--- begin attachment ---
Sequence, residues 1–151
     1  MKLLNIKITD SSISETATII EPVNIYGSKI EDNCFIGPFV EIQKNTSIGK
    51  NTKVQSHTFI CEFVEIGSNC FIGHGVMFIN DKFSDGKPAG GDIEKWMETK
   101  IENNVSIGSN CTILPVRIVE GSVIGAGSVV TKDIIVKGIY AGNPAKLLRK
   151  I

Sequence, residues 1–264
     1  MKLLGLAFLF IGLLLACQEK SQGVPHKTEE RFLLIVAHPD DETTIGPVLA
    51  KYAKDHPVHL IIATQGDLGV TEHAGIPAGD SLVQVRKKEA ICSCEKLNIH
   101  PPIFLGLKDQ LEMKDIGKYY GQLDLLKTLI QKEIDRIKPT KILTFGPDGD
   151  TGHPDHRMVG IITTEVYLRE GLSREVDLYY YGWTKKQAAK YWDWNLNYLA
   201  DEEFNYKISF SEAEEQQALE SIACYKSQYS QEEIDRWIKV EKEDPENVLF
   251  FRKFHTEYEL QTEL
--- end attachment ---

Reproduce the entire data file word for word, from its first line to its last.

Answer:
Sequence, residues 1–151
     1  MKLLNIKITD SSISETATII EPVNIYGSKI EDNCFIGPFV EIQKNTSIGK
    51  NTKVQSHTFI CEFVEIGSNC FIGHGVMFIN DKFSDGKPAG GDIEKWMETK
   101  IENNVSIGSN CTILPVRIVE GSVIGAGSVV TKDIIVKGIY AGNPAKLLRK
   151  I

Sequence, residues 1–264
     1  MKLLGLAFLF IGLLLACQEK SQGVPHKTEE RFLLIVAHPD DETTIGPVLA
    51  KYAKDHPVHL IIATQGDLGV TEHAGIPAGD SLVQVRKKEA ICSCEKLNIH
   101  PPIFLGLKDQ LEMKDIGKYY GQLDLLKTLI QKEIDRIKPT KILTFGPDGD
   151  TGHPDHRMVG IITTEVYLRE GLSREVDLYY YGWTKKQAAK YWDWNLNYLA
   201  DEEFNYKISF SEAEEQQALE SIACYKSQYS QEEIDRWIKV EKEDPENVLF
   251  FRKFHTEYEL QTEL